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D.C. Delegation Convention Agenda? Voting Rights, Stupid

One month left until Mayor Adrian M. Fenty and D.C. Democratic State Committee Chair Anita Bonds lead the city's delegation to Denver for the Democratic National Convention. They'll set up headquarters at the Crowne Plaza (and a few overflow hotels for the roughly 100 delegates, staff, voluteers and other hangers-on). For the most part, the week will be filled with delegation meetings, breakfast buffets, caucus meetings, luncheons, committee meetings, parties and, oh yeah, the business of officially nominating Barack Obama as presidential candidate.

The highlight for the D.C. delegation, though, is its voting rights luncheon and, later, an evening reception to which other state delegates will be invited. Bonds tells D.C. Wire that the state committee has a budget of $138,000, which will be raised with help from Fenty (whose staff has pledged to collect between $30,000 and $40,000 in donations) and the 13 members of the D.C. Council (who have committed to raising a total of $70,000).

That money will go largely to paying for the luncheon and party. Bonds said the delegation also is planning a trip to the U.S. Mint where delegates will pass out wooden quarters with the city's unofficial motto: "no taxation without representation." The group is hoping Del. Eleanor Holmes Norton will be successful in her latest attempt to get the U.S. Senate to take up the city's Voting Rights bill, which would give a House seat to Democratic-leaning D.C. and an extra one to Republican-leaning Utah.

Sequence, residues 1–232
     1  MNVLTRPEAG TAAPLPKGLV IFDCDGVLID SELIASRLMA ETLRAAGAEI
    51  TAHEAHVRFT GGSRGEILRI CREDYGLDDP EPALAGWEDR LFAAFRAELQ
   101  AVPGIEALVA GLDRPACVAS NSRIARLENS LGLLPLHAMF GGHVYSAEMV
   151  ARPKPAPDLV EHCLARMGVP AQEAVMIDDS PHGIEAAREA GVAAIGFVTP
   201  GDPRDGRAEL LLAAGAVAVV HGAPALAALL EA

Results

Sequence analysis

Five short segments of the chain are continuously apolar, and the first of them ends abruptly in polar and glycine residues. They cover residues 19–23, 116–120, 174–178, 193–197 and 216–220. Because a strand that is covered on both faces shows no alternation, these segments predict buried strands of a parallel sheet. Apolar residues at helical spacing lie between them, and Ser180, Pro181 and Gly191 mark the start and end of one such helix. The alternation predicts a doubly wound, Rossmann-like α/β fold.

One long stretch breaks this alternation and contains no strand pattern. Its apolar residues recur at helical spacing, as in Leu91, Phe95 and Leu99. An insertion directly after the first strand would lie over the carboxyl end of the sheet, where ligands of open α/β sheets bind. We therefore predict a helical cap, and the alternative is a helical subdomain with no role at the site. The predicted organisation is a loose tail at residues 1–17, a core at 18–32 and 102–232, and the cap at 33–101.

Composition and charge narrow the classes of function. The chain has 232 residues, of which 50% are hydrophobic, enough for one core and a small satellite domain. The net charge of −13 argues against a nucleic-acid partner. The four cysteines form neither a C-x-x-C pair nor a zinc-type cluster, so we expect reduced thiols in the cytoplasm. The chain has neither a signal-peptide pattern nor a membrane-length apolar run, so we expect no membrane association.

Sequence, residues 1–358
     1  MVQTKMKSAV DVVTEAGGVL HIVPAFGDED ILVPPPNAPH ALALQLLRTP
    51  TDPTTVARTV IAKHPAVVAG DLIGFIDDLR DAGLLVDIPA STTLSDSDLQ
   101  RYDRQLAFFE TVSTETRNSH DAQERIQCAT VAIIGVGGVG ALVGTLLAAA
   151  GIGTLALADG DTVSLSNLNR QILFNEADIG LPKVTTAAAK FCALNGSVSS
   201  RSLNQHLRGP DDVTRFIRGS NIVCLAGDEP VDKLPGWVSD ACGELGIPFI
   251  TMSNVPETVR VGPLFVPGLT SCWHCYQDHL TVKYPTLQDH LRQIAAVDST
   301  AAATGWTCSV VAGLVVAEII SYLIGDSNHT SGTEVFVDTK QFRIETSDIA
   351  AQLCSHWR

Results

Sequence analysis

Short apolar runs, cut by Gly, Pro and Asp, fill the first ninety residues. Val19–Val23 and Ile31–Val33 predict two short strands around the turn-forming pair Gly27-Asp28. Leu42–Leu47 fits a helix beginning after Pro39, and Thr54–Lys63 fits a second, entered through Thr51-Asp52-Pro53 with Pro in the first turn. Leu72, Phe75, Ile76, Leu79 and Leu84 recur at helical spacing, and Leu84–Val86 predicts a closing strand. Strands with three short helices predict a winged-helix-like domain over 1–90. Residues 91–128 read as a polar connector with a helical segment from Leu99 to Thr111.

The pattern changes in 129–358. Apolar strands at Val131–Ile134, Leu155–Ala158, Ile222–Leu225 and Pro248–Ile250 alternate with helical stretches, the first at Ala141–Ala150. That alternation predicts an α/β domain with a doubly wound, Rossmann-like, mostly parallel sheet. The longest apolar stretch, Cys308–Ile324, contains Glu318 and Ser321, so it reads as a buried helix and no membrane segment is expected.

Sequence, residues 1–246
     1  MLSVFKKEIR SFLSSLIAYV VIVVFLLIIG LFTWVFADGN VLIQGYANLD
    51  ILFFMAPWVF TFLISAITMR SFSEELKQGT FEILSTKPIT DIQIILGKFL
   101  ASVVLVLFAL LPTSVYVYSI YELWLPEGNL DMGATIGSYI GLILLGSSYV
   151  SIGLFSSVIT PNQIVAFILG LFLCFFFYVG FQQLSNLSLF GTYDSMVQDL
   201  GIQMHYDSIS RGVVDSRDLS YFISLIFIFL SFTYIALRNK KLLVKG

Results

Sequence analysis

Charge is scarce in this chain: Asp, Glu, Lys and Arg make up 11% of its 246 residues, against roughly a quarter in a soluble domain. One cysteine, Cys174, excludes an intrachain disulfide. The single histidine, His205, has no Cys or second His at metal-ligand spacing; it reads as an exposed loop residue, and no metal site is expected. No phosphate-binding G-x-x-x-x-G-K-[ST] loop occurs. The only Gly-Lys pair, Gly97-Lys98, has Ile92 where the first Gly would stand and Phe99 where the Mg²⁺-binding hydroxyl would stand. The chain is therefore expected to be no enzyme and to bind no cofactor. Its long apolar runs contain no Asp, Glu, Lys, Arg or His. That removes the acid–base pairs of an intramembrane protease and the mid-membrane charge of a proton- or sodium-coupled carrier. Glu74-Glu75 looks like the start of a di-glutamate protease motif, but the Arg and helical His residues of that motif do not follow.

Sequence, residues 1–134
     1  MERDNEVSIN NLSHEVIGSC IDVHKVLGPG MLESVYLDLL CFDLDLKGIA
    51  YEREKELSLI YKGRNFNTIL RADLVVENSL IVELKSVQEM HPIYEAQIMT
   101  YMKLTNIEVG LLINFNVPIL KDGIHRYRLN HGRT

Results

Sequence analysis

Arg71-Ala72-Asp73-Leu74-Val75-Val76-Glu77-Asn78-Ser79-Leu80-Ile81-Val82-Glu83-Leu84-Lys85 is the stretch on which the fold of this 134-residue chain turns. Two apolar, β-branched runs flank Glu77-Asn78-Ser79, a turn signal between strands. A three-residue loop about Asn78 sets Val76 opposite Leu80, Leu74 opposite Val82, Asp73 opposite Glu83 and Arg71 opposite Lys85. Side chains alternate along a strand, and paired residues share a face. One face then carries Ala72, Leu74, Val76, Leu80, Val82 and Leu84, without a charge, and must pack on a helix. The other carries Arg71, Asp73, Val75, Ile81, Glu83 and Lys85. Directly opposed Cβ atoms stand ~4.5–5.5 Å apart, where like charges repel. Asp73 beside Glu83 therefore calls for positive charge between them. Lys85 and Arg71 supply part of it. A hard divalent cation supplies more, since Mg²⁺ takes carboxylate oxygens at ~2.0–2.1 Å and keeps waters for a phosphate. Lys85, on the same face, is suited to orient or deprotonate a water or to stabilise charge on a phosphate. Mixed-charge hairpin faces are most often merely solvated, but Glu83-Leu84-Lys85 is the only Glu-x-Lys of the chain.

"We're hoping it's a victory party," David Meadows, D.C. state committee spokesman, said of the Mint visit.

As grand as the ambitions sound, the truth appears to be that they were scaled down. Sources said the original budget was something closer to $180,000, but some fiscal belt-tightening was in order when it came time to figuring out how much the committee could reasonably expect to raise from businesses and residents.

By David A Nakamura  |  July 24, 2008; 3:48 PM ET
Categories:  2008 Presidential Race , David Nakamura  
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